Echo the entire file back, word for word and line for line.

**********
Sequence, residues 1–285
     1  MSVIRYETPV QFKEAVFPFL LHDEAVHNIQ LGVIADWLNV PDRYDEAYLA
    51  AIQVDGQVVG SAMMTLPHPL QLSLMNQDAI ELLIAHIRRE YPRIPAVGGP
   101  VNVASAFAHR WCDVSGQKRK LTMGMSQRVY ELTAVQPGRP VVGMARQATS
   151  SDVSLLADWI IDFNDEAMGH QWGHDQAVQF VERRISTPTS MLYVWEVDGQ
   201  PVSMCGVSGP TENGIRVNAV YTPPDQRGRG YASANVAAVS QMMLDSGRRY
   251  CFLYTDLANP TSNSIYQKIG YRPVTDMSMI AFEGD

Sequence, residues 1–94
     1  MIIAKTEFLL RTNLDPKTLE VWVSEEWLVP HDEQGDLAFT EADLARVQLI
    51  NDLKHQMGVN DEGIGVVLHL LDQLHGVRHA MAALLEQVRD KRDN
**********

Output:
Sequence, residues 1–285
     1  MSVIRYETPV QFKEAVFPFL LHDEAVHNIQ LGVIADWLNV PDRYDEAYLA
    51  AIQVDGQVVG SAMMTLPHPL QLSLMNQDAI ELLIAHIRRE YPRIPAVGGP
   101  VNVASAFAHR WCDVSGQKRK LTMGMSQRVY ELTAVQPGRP VVGMARQATS
   151  SDVSLLADWI IDFNDEAMGH QWGHDQAVQF VERRISTPTS MLYVWEVDGQ
   201  PVSMCGVSGP TENGIRVNAV YTPPDQRGRG YASANVAAVS QMMLDSGRRY
   251  CFLYTDLANP TSNSIYQKIG YRPVTDMSMI AFEGD

Sequence, residues 1–94
     1  MIIAKTEFLL RTNLDPKTLE VWVSEEWLVP HDEQGDLAFT EADLARVQLI
    51  NDLKHQMGVN DEGIGVVLHL LDQLHGVRHA MAALLEQVRD KRDN